Reduction of odors associated with chlorine dioxide applications to drinking water
Orr, Margaret Prehn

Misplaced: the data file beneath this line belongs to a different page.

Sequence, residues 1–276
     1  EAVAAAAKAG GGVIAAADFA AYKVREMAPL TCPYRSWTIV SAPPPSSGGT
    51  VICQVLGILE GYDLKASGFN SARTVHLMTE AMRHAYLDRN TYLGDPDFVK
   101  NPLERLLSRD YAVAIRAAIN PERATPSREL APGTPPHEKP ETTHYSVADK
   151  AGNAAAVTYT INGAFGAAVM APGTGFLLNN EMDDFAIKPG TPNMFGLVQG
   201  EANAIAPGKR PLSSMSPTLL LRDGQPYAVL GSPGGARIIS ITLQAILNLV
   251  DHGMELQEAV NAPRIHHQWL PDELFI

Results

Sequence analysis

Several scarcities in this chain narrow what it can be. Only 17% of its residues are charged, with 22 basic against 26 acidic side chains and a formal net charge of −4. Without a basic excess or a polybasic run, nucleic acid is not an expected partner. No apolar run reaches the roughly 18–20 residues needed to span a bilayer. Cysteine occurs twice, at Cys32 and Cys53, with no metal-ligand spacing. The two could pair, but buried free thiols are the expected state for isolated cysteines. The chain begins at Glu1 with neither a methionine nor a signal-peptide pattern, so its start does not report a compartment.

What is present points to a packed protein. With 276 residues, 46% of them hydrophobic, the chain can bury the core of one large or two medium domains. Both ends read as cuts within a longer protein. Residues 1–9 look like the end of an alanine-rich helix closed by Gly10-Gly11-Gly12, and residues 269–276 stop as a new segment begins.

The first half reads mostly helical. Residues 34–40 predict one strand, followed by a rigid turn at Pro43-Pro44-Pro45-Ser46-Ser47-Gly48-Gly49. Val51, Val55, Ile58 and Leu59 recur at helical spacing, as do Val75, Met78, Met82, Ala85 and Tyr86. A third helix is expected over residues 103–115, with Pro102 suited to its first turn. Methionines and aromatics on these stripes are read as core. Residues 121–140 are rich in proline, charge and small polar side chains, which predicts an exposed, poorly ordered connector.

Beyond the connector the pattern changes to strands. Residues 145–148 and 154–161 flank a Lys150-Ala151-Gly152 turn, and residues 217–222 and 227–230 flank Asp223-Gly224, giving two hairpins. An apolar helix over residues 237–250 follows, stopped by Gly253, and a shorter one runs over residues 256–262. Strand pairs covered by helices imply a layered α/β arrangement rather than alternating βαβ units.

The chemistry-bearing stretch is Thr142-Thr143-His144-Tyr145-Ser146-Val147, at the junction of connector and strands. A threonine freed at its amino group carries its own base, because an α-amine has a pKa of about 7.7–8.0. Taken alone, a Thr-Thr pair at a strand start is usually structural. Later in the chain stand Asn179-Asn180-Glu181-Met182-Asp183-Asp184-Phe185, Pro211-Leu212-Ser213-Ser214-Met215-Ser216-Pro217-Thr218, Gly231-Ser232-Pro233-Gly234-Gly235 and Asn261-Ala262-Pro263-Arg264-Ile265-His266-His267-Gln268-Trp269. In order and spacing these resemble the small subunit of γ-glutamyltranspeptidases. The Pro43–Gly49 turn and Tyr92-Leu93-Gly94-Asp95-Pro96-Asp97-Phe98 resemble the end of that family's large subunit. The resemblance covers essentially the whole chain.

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Chlorine dioxide has been used in drinking water treatment for the reduction of trihalomethanes and tastes-and-odors. Recently, chlorine dioxide was implicated as the source of offensive "cat-urine-like" and "kerosene-like" odors in drinking water. The purpose of this project was to determine the cause of odors observed in customers homes at times when chlorine dioxide was being applied to drinking water. Data were obtained through a survey and field sampling at utilities experiencing odor events. Once the cause was determined, potential water-treatment procedures were evaluated in laboratory-scale studies. Results from a survey sent to water utilities throughout the United States showed that customers who recently had installed new carpeting complained of odors more than those who had not. The use of chlorine dioxide caused responses to intensity of certain tastes-and-odors to increase, two of these odors were cat urine and kerosene. Field sampling at two water companies during odor events resulted in the discovery of low-levels of residual chlorine dioxide (0.2-0.7 mg/L) at the tap's of customers. Both the cat-urine- and kerosene-like odors were detected by the research team. To verify a proposed mechanism of odor generation, chlorine dioxide was volatilized in a room with new carpeting. Both odors were produced in amounts great enough to be easily detected by the entire panel. The removal of residual chlorite from drinking water would block a mechanism by which chlorine dioxide may be reformed from reactions between residual chlorite and free chlorine added for distribution system residual maintenance. Chlorite was removed by powdered activated carbon (PAC) enmeshed in alum floc in laboratory-constituted water and Po River water. A high level of PAC (50 mg/L) was required to effect good removal. A simulated floc-blanket clarifier effectively removed high levels of chlorite (>5 mg/L) from drinking water for long periods (12 hours) when PAC in high concentration was enmeshed in the floc. Chlorine dioxide reformed in the distribution system of two water companies. When customers opened water faucets, chlorine dioxide volatilized into the room and reacted with organic compounds present in the household air (e.g. from new carpeting) producing the offensive cat-urine-like and kerosene-like odors. The reformation of chlorine dioxide could be effectively eliminated if residual chlorite could be removed by contact with high levels of PAC enmeshed in an alum floc such as one could produce in a floc-blanket clarifier.
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